New York, New York
As leaders on the front line of this pandemic, you are all too aware of the fact that the burdens of this public health crisis have fallen most heavily on those least able to navigate them or the multiple agencies that relief often requires. Addressing these inequities will require that policymakers be able to assess families' needs on a system-wide level in real-time so that they can be analyzed, prioritized, and proactively connected to the agency(ies) that can help.
Of all city agencies, schools are in the best position to lead this effort. They can (1) do outreach at scale (staff trained in how to connect with families, a track record of established trust, relationships with and access to supports at other agencies), (2) inventory families' vulnerabilities and urgent needs, and (3) proactively connect families to the supports, resources, and services offered within and outside the DOE that can help them manage this crisis and feel heard. They are also connected to community-based organizations that are often important allies in connecting to those families who do not trust schools or city government. The problem is that schools do not currently have the tools they need to efficiently inventory families' needs, connect them to available supports, or instantly relay pertinent information to the policymakers who need it to better inform their strategic plans.
BlueCard can change that very quickly and help facilitate such an effort by giving parents and staff a single place to securely store, update, and share safety information. More importantly, our platform can programmatically read all of those records, allowing the DOE, for the first time ever, to automatically inventory, map, and rank underlying health conditions and needs for millions of families in areas like online learning, mental health, safety, health and wellness, shelter, and food insecurity.
In other words, policymakers can now have access to real-time underlying health conditions
, symptoms, and needs
(on an individual and system-wide level), a place to track when those needs have been met, and a system that can adapt as our understanding of this crisis evolves, like how to spot a COVID-19 outbreak given a changing list of symptoms
Some examples of what our unique capabilities can help the DOE accomplish:
Collect safety information remotely; identify families with bad numbers or no numbers
; avoid mobility-related sharing issues (homelessness, elimination of holdovers, transitions); dramatically compress the time to primary contact; enhance schools' ability to open by increasing the certainty that closure and cleaning alerts can be delivered immediately; ensure the timeliness of school-specific communications (letters, alternate learning schedules, new protocols); prepare quickly for summer school (parse out and collect contact information, share it with new schools); a reliable way to stay connected (point all parents to one place where they can update their information and share it with any school from any phone, in any language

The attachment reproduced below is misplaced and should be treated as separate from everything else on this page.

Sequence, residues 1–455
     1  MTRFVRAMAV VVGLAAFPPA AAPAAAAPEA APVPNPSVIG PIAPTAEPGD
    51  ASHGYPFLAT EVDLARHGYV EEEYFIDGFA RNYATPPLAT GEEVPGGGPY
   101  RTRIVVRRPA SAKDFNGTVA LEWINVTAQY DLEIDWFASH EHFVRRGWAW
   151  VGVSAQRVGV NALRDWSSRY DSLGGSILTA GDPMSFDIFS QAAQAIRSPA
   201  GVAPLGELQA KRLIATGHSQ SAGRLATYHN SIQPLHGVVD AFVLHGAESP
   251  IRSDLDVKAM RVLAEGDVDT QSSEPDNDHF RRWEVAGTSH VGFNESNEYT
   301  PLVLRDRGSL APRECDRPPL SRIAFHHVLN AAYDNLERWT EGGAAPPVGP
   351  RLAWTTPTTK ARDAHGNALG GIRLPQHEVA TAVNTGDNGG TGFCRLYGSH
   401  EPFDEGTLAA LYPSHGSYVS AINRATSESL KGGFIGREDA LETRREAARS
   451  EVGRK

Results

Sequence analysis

); ensure your ability to reach targeted small groups and communities.
Safely grant and track access to good contact information across a wide array of stakeholder (pedagogs, non-pedagogs, STH/ACS/D79 liaisons, paraprofessionals, REC staff, superintendent/central staff, etc.) then store what they learn with information that families volunteer in one place; automatically turn information into actionable, structured data that central can access, analyze, use for contact tracing, etc.
Improve the availability of quality and timely health surveillance data with real-time, remote tracking of underlying health conditions (asthma, diabetes, obesity, etc.), symptoms, infections, and vaccinations; create a comprehensive health profile for anyone from just a few fields of data; identify communities with a greater need for intervention; partner with the DOH and city officials to track community spread; expedite the deployment of front line health care workers; put new 'kid-first' protective factors in place, etc.
Quantify ELL/MLL students or those with special needs, families requesting help with grief, a device, online learning support, shelter and food insecurity, translation services, health and wellness, parent/family support, mental health, substance abuse, or families that have an immediate cash need or that report a death, job loss, or case of domestic abuse, and/or are doubled-up and getting displaced, then measure the connections that your staff make to other agencies (DIIT, STH, NYCHA, RECs, DOHMH, ACS Family Assessment Program, HRA, etc.); create new channels of support (e.g. special needs and ELL/MLLs students affected by online learning).
The virus has exposed inequities that have long been a part of the NYC landscape. It demands an organized, strategic response across multiple city agencies and community partners if we are to provide our children with safe, equitable access to school. While the public health and policy challenges ahead are great, so too is the opportunity to advance equity and make a transformational shift in the assertion of care that the DOE makes to each of its 1.1 million families.
Real-time data can be used by the DOE to inform strategic responses, allocate resources, and develop protective factors in ways never before possible, and for our collective good; knowledge of its use can also instill greater confidence in the parents and staff who have concerns about reopening. In short, our tools can help the DOE prioritize your most vulnerable and support data-driven decision making that better serves the needs of all students.
We'd love to speak with you if you think we can help.
CEO, BlueCard Inc.